Stylistically, Wonder could not be pigeonholed as an R&B or soul artist, and the song ‘Confusion’ highlights this. A frenetic guitar-driven fusion avalanche of a song, it would never have made the cut on any other R&B or soul album of the time, but the genius of Wonder was that his music was never about genre. His musical gamut was far-reaching, and it took him places many of his contemporaries could not or would not go.
The album also features the mega hits ‘Sir Duke’, Wonder’s tribute to jazz great Duke Ellington, ‘Isn’t She Lovely’, a song dedicated to the birth of his first child, ‘I Wish’, Wonder’s lighthearted school day reminiscence, and the Latin-flavoured ‘Another Star’.
Wonder has never been noted as a strong lyricist, and though he touches on many of the hot social issues of the day (race, poverty and materialism) I always feel his lyrics play a backseat to his music. It’s so hard to try and grasp or even care for the meaning of his lyrics when you get so easily swept up in the extraordinary musicianship and music. Musical highlights abound on this album from start to finish. Whether its Wonder’s astonishingly emotive vocal control and lyric phrasing, his virtuoso keyboard playing, his clever and original song structures or even his exceptionally tight backing band, there is no lack of ‘wow’ for the playing on this album.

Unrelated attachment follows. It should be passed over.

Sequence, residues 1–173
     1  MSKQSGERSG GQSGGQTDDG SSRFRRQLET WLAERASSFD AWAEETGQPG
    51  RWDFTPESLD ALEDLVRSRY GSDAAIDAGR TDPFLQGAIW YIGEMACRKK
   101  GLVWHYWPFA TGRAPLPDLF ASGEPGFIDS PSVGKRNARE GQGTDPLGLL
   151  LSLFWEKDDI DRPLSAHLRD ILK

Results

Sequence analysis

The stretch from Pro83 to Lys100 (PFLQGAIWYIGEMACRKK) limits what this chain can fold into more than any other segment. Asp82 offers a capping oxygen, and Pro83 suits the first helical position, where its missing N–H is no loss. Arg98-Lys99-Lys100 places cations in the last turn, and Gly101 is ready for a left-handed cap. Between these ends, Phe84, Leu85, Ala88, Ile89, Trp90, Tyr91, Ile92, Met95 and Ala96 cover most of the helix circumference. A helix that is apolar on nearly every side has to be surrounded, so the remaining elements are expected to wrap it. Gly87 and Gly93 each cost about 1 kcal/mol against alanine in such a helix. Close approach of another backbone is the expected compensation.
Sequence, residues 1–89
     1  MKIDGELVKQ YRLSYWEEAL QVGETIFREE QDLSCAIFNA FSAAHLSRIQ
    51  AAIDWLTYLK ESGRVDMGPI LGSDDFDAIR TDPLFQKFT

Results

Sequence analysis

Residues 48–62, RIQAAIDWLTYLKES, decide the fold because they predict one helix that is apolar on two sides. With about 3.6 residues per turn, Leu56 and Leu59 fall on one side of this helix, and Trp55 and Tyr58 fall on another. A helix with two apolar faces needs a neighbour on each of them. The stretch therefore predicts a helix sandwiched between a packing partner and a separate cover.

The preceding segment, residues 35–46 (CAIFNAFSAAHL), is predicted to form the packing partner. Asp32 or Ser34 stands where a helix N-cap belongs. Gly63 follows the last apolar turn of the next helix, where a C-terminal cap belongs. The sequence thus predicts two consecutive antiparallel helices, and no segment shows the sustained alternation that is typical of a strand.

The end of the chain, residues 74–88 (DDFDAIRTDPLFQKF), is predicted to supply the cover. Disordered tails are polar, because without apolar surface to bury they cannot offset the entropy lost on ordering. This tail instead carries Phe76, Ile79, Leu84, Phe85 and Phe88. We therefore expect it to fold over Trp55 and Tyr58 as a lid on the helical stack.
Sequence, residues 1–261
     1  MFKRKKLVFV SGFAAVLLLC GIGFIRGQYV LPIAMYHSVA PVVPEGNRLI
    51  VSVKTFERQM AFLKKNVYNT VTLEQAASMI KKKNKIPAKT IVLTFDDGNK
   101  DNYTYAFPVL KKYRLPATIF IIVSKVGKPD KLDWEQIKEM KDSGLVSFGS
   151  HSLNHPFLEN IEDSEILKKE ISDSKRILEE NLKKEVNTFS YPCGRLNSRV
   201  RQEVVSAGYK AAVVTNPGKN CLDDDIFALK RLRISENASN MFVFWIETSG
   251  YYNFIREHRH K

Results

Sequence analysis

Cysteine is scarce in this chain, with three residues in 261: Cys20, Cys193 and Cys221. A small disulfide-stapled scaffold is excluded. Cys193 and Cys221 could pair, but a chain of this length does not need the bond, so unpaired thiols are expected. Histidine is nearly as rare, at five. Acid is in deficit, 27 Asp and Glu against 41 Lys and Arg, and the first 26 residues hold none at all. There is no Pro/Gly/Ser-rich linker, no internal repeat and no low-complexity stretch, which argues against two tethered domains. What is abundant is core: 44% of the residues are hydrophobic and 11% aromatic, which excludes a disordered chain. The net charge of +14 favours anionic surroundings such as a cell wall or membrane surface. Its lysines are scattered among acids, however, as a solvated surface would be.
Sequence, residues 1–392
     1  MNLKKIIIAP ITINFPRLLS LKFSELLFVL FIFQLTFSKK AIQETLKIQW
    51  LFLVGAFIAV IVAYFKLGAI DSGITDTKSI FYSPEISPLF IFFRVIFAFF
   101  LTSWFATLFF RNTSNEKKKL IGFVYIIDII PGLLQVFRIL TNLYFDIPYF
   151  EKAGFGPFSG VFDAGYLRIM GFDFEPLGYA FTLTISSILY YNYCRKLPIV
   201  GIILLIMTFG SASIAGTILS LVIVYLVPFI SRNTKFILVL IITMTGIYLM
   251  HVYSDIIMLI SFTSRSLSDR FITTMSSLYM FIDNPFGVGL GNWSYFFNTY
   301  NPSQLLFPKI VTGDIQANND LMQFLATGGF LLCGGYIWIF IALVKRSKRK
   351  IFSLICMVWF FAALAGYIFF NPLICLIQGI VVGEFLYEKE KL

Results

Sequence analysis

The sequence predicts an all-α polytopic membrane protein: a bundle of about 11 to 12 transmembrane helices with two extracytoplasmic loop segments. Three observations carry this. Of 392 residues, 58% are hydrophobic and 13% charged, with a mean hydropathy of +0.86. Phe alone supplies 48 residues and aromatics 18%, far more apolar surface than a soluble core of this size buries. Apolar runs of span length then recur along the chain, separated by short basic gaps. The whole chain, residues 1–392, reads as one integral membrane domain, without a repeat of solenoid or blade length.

So does SITKOL still hold up nearly 40 years later? There is no doubting the album justifies its iconic status. Unfortunately, thanks to the world of sampling, many musicians have tried reaping from where they have not sown, so the album does feel a little ‘mined’. Hip-hop artists have trolled this album mercilessly over the years, and thanks to the Coolio’s and the Will Smith’s of this world, two of its songs are permanently tainted, leaving an unnecessary blemish on an extraordinary piece of work.
It might sound like nitpicking, but I for one on first listen had a few cringe-worthy moments thinking how bad these modern interpretations were. Thankfully, those thoughts were quickly erased the more the album drew me in, and with every new listen I found something to marvel and to be amazed at, and that in my book is the mark of a great artist with his greatest of work. CLINTON DIXON